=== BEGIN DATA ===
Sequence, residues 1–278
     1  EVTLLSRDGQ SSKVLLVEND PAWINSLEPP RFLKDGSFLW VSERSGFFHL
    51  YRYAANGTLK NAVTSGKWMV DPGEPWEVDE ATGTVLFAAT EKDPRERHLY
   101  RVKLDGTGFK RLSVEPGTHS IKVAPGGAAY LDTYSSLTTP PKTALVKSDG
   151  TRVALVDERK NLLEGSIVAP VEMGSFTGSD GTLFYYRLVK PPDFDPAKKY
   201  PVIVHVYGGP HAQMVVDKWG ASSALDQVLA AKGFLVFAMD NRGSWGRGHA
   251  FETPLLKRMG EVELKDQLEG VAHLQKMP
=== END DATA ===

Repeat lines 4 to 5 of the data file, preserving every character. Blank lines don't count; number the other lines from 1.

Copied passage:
   101  RVKLDGTGFK RLSVEPGTHS IKVAPGGAAY LDTYSSLTTP PKTALVKSDG
   151  TRVALVDERK NLLEGSIVAP VEMGSFTGSD GTLFYYRLVK PPDFDPAKKY